A Conversation With Samantha Crain
PHOTOGRAPHY: SAM LAMB/COURTESY HERFITZ PR
The Oklahoma singer-songwriter with Choctaw roots chats about the creative process and her new album Kid Face.
Cowboys & Indians: When people ask you what your life was like growing up in Shawnee, Oklahoma, how do you usually describe it to them?
Samantha Crain: It’s just a small Oklahoma town. There’s a lot of playing in the woods. It’s close to the experience of anyone who grew up in a small town in the middle of the country. It’s pretty much the same as it’s always been. [Laughs.] I live on the outskirts of town, so it’s quiet and I can work on music and art. Not much has changed.
C&I: How did you make your own fun as a kid?
Crain: A couple of kids who lived in the area and I would get into trouble; there was a dirt pile that we had hours and hours of fun with. We’d make tunnels and little cities. Also, my mom would give me blank hardback books, and I’d write stories. A lot of them would have pictures on the front for decorative purposes, and sometimes the stories I’d end up writing were based off those pictures. ... There was a Tudor-era portrait of a girl on the front of one. I would just kind of look at the picture of this redheaded girl, and I ended up writing her entire life story. [Laughs.] It’s boring to read now — I would never read those books I wrote. But it was good exercise for writing.
C&I: The writing bug obviously stayed with you. What are some other parts of your childhood that you’ve held on to?
Crain: I think I’ve actually changed a lot. When I was a kid it was about imagination, making things up. Even when I started writing songs and touring, it was more about inserting fiction into songs. More recently, I’ve tried to grab ahold of the autobiographical story. Things I’m creating now are more based off reality.
C&I: What’s an event or experience that inspired lyrics on your new record, Kid Face (out now on Ramseur Records)?
Crain: Most of the songs on this record were written when I was in Europe on a six-week tour last year. It was the first time I’d ever toured and traveled completely by myself, without a band or a traveling partner. I was on the train every day, so I had a lot of time to write and reflect. There’s a song called “Paint” on the new album. It was the end of the tour and I had been in my own company for a while, probably going a little nuts as far as what I was allowing to take over my thought process. But the song is literally written about this peeling paint on a post at a train station that I was scraping off. My very introspective mind at that point started thinking about me being this expendable entity. I was putting myself in the place of the paint chip. ... It’s one of those things where there’s not anything new to write about, so the only thing you can do is put your own spin on it. Whatever inspires that, you have to grab, even if it’s about a paint chip.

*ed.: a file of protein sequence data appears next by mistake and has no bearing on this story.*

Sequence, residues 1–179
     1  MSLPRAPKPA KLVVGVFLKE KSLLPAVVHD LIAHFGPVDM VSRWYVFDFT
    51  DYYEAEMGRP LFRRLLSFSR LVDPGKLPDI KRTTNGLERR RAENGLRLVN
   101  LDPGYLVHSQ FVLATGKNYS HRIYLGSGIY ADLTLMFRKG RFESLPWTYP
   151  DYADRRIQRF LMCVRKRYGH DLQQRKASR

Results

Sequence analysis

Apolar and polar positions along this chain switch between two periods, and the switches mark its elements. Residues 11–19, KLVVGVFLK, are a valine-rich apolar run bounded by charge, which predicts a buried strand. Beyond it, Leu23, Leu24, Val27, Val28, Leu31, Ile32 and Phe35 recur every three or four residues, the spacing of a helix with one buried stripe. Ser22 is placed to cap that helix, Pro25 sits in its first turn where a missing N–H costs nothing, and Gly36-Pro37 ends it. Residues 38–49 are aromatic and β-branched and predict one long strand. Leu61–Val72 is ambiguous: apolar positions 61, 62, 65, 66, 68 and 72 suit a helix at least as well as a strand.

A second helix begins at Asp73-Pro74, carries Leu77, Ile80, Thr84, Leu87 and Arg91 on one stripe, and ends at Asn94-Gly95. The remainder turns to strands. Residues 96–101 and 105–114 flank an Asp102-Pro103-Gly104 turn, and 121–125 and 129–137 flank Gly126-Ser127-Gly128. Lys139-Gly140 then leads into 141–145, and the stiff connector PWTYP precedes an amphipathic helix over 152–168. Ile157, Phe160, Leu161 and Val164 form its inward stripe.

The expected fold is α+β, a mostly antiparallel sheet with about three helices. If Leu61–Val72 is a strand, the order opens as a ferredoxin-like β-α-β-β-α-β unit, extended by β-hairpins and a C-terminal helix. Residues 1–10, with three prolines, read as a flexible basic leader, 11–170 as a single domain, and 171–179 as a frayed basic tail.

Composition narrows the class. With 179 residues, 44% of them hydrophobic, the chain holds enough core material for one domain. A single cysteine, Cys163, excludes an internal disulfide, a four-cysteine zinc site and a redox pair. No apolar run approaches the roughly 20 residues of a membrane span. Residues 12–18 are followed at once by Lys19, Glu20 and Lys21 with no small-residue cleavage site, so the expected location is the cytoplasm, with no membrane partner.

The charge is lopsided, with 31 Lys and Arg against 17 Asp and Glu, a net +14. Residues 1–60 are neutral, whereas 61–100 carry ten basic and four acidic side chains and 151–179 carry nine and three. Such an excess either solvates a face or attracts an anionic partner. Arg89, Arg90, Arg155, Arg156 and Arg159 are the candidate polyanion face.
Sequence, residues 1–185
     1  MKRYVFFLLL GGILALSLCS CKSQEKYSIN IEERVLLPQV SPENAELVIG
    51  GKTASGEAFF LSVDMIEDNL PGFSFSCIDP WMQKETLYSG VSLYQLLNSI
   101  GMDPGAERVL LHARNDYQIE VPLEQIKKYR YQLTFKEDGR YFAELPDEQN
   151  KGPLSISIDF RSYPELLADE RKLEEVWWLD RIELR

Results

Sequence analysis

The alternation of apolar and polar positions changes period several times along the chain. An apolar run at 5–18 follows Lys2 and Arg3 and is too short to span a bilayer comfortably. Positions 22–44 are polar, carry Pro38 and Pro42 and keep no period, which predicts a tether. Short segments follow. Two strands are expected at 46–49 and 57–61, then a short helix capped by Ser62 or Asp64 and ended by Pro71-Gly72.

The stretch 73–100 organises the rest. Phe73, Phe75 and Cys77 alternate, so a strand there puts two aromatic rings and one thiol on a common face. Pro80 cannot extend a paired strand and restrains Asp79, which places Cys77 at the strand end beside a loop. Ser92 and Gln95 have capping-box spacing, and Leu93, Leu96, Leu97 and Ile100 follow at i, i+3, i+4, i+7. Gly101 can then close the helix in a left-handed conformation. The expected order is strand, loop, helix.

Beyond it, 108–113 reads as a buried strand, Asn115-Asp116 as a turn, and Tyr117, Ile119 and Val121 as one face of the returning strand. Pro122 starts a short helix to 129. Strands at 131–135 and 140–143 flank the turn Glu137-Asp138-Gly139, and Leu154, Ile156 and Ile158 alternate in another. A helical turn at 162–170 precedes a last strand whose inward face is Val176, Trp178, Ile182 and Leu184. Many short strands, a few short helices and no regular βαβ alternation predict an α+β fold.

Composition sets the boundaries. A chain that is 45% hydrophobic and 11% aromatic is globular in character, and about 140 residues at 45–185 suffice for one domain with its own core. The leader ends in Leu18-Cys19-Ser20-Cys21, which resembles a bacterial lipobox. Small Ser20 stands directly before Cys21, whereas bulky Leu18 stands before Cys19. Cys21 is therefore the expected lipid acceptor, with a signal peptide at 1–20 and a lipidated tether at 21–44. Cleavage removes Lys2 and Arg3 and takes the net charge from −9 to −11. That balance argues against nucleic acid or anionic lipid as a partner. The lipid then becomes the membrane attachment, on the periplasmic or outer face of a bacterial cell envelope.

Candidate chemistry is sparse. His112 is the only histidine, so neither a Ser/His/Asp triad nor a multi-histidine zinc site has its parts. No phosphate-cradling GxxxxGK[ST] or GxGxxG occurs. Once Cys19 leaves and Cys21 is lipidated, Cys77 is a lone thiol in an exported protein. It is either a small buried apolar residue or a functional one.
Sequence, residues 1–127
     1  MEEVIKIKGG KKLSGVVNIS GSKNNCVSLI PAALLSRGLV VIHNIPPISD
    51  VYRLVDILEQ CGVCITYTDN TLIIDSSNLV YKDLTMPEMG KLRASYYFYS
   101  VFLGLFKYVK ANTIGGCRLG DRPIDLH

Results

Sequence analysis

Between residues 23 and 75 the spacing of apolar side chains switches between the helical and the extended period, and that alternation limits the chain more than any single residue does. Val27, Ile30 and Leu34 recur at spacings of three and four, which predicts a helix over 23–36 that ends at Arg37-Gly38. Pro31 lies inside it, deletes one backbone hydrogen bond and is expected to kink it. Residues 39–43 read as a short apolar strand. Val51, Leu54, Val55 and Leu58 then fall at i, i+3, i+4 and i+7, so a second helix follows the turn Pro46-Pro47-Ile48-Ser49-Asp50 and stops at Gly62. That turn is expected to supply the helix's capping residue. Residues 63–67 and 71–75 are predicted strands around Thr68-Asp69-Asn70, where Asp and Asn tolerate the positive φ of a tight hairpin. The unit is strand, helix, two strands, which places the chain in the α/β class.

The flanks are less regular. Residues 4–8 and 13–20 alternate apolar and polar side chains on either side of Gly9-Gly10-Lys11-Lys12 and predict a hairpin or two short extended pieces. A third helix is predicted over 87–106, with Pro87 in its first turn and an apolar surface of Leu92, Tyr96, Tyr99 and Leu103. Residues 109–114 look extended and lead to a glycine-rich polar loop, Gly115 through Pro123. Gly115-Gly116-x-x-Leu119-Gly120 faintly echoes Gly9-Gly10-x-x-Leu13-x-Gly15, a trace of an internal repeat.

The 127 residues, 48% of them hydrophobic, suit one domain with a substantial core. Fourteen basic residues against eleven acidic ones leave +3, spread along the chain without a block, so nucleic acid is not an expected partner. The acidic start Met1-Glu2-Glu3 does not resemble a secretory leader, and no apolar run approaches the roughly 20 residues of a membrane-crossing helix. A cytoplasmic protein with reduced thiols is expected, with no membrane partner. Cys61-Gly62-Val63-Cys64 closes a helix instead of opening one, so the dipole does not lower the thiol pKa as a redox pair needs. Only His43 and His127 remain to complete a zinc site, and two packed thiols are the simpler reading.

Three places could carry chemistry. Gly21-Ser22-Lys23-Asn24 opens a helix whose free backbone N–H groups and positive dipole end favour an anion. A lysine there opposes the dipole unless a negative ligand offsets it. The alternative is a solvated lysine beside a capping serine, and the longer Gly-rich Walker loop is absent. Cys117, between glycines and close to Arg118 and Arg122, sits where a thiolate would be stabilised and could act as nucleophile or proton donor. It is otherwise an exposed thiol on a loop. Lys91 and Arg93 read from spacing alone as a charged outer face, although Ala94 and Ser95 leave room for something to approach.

C&I: Your perspective as someone with Choctaw heritage is unique in the American pop-music landscape. How do you think that plays into what you do?
Crain: I’ve thought about this a lot, because I do a lot of concerts in the world of Indian music. Unfortunately, because I grew up with a mainstream environment, I only have the stories of my grandma or my dad to go off of, or the rare trip that we would take to a powwow or drumming event. But because of the breaking down of the traditional Native American lifestyle in the country, I haven’t been as big in taking part in my ancestors’ culture as I would’ve liked. ... But even if I don’t really adopt anything traditional to Native culture into my lyrics, one thing I do like to do is access the rawness of the singing. There’s something very primal about the way that a lot of Native artists sing or play instruments. I’ve picked up on that and tried to convey that in my singer-songwriter experience.
Find out more about Samantha Crain and Kid Face at www.samanthacrain.com.